Machin by Douglas Muir. This month marks the 50th anniversary for the simple, yet so complex, Machin series of stamps from Great Britain. The author offers an account of the Machin heads’ first appearance and this year’s special anniversary commemorative stamp issue.

My Lifetime Stamp Pursuit by Matthew Healey. The iconic Machin stamps, named for the sculptor who helped create them, were first issued almost at the exact time the writer was born. When he was old enough to learn about stamps, Matthew felt a natural connection to the design featuring a profile of Queen Elizabeth II. He tells the basics of collecting this multifaceted series.

Conquering Early Stamps of the Himalayas by Joseph Iredale. Nepal, a landlocked nation home to Mount Everest, first started printing stamps in 1881. The early issues feature native design elements, marginal inscriptions, pin-perfs and imperforates, and different papers.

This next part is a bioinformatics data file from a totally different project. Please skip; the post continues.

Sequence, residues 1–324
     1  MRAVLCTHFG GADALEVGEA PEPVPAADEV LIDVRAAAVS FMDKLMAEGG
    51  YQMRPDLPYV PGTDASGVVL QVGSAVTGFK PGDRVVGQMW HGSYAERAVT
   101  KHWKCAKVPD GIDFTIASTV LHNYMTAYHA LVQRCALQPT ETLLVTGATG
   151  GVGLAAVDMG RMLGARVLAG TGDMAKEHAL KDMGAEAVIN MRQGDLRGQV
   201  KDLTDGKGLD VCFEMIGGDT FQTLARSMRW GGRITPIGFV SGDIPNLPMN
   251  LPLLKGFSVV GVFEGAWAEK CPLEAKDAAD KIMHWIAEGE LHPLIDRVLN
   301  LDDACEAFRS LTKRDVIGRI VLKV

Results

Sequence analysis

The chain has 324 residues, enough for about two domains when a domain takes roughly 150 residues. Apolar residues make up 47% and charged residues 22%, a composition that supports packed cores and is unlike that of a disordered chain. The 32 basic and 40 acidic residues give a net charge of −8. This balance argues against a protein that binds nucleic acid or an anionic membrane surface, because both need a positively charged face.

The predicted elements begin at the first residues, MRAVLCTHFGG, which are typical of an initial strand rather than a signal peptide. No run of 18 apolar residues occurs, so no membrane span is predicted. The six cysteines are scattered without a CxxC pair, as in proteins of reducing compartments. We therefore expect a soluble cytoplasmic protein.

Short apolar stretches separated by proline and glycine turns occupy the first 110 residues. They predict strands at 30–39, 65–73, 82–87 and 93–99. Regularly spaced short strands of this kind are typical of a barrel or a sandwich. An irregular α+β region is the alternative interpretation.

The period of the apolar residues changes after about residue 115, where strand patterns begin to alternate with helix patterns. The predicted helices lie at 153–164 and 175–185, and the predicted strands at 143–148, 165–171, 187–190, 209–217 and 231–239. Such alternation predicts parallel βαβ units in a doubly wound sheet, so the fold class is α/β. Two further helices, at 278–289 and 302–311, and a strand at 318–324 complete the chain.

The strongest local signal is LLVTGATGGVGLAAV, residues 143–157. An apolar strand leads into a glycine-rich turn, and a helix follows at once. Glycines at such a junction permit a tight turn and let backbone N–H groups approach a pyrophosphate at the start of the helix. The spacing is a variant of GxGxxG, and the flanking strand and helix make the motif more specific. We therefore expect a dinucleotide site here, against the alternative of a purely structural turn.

Collecting Coast to Coast. Not-So-Counterfeit Cinderellas, by Wayne L. Youngblood. Free franking for soldiers, the privilege of being able to send mail at no cost, started in 1775. But Congress helped establish rules and the postal service has frowned on those who break them, even if for identifying free-franked mail.

British Empire: Gilbert and Ellice Islands by Noel Davenhill. We travel to the Gilbert and Ellice Islands in the southwest Pacific Ocean, a series of atolls and coral islands that fell under British rule — first as a protectorate, then as a colony — for more than 80 years.